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Gynecol Oncol. 2000 Aug;78(2):171-5.

Optimal cytoreductive surgery is an independent prognostic indicator in stage IV epithelial ovarian cancer with hepatic metastases.

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  • 1Northern Gynaecological Oncology Centre, Queen Elizabeth Hospital, Gateshead NE9 6SX, United Kingdom.

Abstract

OBJECTIVES:

The aim of this study was to determine the value of optimal cytoreduction in stage IV epithelial ovarian cancer.

METHODS:

A retrospective review was performed of 37 women with stage IV epithelial ovarian cancer treated by radical surgery.

RESULTS:

Optimal surgery to less than 2 cm tumor deposits was performed in 16 of the 37 cases (43%) and tumor debulking to less than 1 cm tumor deposits in 6 cases (16.2%). Twenty-three cases (62%) were designated stage IV because of the presence of liver metastases alone. Although no patients died within 2 weeks of surgery, 7 of the 37 cases (22%) failed to survive more than 50 days after primary surgery. The overall median survival was 11 months with overall 2- and 5-year survivals of 23 and 9%, respectively. On multivariate analysis comparing age, histological type, tumor grade, place of surgery, secondary surgical procedure, performance of bowel surgery, presence of liver metastases, and optimal cytoreduction, only optimal surgery and residual tumor deposits of less than 2 cm, or less than 1 cm, remained highly significant (P = 0.0029 and 0.0086, respectively). Even when assessing only the 27 cases who were designated as having stage IV disease because of the presence of liver metastases, by multivariate analysis, only optimal surgery and residual tumor deposits of less than 2 cm, or less than 1 cm, remained significant (P = 0.023 and 0.036, respectively). Site of metastases designating stage IV status was not associated with a reduced likelihood of achieving optimal debulking (P = 0.18).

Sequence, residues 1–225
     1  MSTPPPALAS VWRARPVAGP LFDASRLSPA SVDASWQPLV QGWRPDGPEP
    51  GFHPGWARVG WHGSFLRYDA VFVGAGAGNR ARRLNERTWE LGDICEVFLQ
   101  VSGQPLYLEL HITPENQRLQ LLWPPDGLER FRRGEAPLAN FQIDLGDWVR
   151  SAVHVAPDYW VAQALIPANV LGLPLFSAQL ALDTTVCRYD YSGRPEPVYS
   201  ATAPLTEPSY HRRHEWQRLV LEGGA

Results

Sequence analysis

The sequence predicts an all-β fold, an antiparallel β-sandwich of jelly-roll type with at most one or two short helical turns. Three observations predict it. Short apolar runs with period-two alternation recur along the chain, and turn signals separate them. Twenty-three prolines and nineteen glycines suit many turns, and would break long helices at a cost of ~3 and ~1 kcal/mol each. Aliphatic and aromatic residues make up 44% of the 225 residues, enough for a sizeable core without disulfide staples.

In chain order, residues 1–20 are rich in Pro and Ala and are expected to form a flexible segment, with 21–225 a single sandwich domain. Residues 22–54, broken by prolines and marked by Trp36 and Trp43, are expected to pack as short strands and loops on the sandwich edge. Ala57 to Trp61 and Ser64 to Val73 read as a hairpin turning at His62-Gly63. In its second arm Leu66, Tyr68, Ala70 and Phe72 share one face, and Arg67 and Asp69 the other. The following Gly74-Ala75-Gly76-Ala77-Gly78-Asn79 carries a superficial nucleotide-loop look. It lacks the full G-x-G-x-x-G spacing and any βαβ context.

CONCLUSION:

Optimal cytoreduction in women with stage IV epithelial ovarian cancer with or without hepatic metastases is associated with a more favorable outcome survival.

PMID:
10926798
DOI:
10.1006/gyno.2000.5841
[PubMed - indexed for MEDLINE]
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